This myth conjures an image of a heroic soldier, attacking the enemy and about to win, until catastrophe strikes: He spots a wounded woman on the battlefield and abandons his assault to save her life, costing his side the battle. It’s the “women and children first” argument translated to the battlefield…

5. Women can’t lead men in combat effectively.

Why not? Across the planet, women have proven their worth as leaders as diplomats, heads of state and corporate titans. This is no less true in the military and in combat. In history as well as ancient mythology, women have often emerged as heroic leaders of men and women in battle, with Joan of Arc and the Assyrian queen Semiramisjust two of the most notable examples. In the battlefields of Iraq and Afghanistan, there have been countless women who, often unrecognized, have served as leaders of military men and women…

You can read the full opinion piece by  Marine Maj. Jane Blair here.

Author Maj. Jane Blair in Iraq. Photo credit

Author Maj. Jane Blair in Iraq. Photo credit

Emailer Who Exposed Petraeus Affair Calls for Privacy Laws

Credit Amy Scherzer / Tampa Bay Times. Gen. David Petraeus, left, Scott and Jill Kelley and Holly Petraeus watch the 2010 Gasparilla parade from the Kelleys’ front lawn.

Credit Amy Scherzer / Tampa Bay Times. Gen. David Petraeus, left, Scott and Jill Kelley and Holly Petraeus watch the 2010 Gasparilla parade from the Kelleys’ front lawn.

The Tampa socialite, who exposed the affair of CIA Director David Petraeus forcing him to resign, is calling upon Congress to restrict access to private email accounts.

Jill Kelley and her husband, Dr. Scott Kelley, wrote an opinion piece in The Washington Post calling for Congress to safeguard privacy as they consider Electronic Communications Privacy Act.

The Kelley’s wrote in their op-ed:

Our family committed no crime and sought no publicity. We simply appealed for help after receiving anonymous e-mails with threats of blackmail and extortion … Unfortunately, reaching out to an FBI agent whose acquaintance we had made resulted in slanderous allegations.

Jill Kelley initially asked the government for help when she received threatening anonymous emails. The FBI investigated. It found the anonymous emails came from Petraeus’ official biographer, Paula Broadwell.

But, the FBI did not stop there. They examined Kelley’s correspondence with Marine Gen. John Allen, currently the top commander in Afghanistan. The emails were reported to number in the thousands, but those numbers have since been refuted.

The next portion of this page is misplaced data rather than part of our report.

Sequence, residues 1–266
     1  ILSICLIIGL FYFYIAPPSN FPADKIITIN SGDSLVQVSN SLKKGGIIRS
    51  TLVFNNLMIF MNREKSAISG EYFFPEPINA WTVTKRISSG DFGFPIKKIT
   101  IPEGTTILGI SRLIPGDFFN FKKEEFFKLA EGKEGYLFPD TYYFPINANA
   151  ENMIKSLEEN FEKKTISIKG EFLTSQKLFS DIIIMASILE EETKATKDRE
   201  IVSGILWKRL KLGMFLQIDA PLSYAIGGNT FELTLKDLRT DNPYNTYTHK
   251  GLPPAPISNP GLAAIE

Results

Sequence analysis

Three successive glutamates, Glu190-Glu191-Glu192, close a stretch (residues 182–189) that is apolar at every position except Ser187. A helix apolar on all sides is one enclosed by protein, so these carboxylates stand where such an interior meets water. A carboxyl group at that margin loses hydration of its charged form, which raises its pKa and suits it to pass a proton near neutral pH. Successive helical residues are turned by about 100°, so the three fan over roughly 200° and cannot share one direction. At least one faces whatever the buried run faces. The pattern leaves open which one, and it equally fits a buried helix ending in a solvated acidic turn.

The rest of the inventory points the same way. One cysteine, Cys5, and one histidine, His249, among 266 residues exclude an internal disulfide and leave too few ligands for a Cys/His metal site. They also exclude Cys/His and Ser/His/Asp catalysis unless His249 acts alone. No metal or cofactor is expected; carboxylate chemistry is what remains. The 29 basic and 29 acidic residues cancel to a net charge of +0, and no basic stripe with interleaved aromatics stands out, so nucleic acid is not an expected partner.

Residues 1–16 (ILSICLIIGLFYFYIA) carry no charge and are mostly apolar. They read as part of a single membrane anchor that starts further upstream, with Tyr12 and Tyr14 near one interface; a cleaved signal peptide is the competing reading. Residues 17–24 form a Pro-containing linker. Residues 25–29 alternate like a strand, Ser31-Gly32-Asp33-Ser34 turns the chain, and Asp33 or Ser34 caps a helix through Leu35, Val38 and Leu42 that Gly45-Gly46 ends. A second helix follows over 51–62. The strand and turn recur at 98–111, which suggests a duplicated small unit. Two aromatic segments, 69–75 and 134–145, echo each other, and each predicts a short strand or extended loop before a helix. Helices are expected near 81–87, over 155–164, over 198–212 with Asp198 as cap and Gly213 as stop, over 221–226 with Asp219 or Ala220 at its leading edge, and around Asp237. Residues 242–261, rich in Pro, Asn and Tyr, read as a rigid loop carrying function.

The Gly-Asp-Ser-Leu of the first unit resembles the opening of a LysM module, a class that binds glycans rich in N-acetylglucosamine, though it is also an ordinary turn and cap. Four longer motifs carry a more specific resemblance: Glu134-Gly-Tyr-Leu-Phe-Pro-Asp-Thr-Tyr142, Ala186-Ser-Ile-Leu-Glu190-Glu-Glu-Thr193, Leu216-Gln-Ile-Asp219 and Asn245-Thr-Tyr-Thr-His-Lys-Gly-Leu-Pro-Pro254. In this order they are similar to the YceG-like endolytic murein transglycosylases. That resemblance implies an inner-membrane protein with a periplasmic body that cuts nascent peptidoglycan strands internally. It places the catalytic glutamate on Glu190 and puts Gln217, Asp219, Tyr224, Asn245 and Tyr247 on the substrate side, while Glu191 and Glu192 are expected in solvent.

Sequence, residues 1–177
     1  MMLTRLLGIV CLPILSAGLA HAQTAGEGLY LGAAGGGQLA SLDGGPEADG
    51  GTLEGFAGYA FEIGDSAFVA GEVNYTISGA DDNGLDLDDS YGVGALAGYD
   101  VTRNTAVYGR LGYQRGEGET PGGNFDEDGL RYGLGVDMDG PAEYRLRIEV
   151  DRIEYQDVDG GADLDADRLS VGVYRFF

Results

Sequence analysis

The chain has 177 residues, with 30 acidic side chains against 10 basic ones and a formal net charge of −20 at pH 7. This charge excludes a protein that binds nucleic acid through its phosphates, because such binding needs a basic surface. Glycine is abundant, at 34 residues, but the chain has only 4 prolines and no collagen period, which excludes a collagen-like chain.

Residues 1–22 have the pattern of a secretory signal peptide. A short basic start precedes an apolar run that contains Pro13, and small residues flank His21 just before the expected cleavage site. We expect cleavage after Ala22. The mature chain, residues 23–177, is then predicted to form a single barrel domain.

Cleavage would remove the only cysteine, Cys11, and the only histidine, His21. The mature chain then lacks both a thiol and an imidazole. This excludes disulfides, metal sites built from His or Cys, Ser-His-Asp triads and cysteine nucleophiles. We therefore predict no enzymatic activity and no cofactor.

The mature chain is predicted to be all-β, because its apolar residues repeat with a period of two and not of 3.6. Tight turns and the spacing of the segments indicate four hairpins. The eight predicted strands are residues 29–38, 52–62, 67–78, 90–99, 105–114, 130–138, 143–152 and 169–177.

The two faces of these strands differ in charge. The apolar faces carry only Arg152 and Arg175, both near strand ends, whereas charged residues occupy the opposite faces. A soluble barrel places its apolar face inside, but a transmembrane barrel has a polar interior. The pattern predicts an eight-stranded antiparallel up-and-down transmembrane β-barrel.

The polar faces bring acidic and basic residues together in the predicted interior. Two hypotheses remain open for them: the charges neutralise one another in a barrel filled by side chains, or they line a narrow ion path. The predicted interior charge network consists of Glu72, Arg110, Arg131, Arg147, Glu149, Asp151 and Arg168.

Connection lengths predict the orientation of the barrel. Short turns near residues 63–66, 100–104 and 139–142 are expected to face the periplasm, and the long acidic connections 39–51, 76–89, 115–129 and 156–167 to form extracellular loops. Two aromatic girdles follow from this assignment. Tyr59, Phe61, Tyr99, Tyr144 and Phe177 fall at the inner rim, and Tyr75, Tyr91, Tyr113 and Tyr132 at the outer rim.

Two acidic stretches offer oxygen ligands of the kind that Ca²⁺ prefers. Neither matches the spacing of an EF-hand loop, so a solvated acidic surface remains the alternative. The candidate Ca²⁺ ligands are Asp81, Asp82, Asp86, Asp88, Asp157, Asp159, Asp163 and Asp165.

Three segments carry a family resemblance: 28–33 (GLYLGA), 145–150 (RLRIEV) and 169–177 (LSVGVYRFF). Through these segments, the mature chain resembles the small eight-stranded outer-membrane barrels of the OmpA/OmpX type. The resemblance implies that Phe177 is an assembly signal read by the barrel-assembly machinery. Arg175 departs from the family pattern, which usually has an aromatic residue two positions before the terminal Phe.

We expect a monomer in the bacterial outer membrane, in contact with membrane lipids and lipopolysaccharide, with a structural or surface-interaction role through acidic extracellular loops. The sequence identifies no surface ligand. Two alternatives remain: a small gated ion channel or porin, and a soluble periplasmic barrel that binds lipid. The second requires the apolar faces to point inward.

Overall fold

No criminal wrongdoing was found, but the FBI handed over its investigation of Allen to the Department of Defense Inspector General.

On Tuesday, the IG cleared Gen. Allen of any inappropriate conduct or emails. However, his promotion to commander of NATO forces and the European Command was put on hold and there’s no word if his nomination hearings will be rescheduled.

Washington Post: Defense Nominee a Former Vietnam Vet

Former Sen. Chuck Hagel served in the senate from 1997-2009 representing Nebraska. Photo credit:

Former Sen. Chuck Hagel served in the senate from 1997-2009 representing Nebraska. Photo credit:

Former Vietnam veteran Chuck Hagel will be nominated by Pres. Obama to takeover at the Pentagon according to the Washington Post.

Nomination of the former Republican senator from Nebraska for Defense Secretary is expected as early as Monday or Tuesday of this week.

Despite Hagel’s GOP credentials, the Washington Post reports his nomination may get bumpy. At least one Republican senator already has raised objections:

In an appearance Sunday on CNN’s “State of the Union,” Sen. Lindsey Graham (R-S.C.) called Hagel’s selection “an in-your-face nomination.”

Comments from Senate Minority Leader Mitch McConnell were not as harsh. You can read the entire article here.

Homeless Veterans: VA Secretary Calls for Urgency

Photo courtesy of the VA Homeless Veterans website.

The battle to end homelessness among veterans is just beginning according to Veterans Affairs Secretary Eric K. Shinseki. The Washington Post covered the VA secretary’s speech Wednesday at the 2012 Annual Conference of the National Coalition for Homeless Veterans.

“Our homeless veterans are counting on us to bring a sense of urgency to this fight — and I do mean fight,” Shinseki said. “The hill gets steeper and the air gets thinner the closer you get to the summit. VA will continue to fight just as hard for our budgets as we have in the past. But at this point, more is not better: Better is better.”

The number of homeless veterans decreased the during point-in-time count from 2010 to 2011. The head of HUD attributes that to its  “housing first” strategy.

Additionally, the VA announced its partnership with the “100,000 Homes” Campaign that is present in more than 130 communities. The goal of the collaboration will be to find permanent housing for 10,000 homeless Veterans this year.

“President Obama and I are personally committed to ending homelessness among Veterans,”  Secretary Shinseki is quoted in a press release.  “Those who have served this Nation as Veterans should never find themselves on the streets, living without care and without hope.”

The collaboration will support the ongoing work of  “Opening Doors,” the federal plan to end chronic and Veteran homelessness.

Volunteers in participating “100,000 Homes” communities will help the VA identify homeless Veterans through their registry week process. Staff will also offer quality improvement training designed to help reduce the amount of time necessary to house a homeless Veteran to 90 days or less.

Pilot training in Los Angeles and New York City has already helped shave an average of 64 days from the Veteran housing process in these communities according to the press release.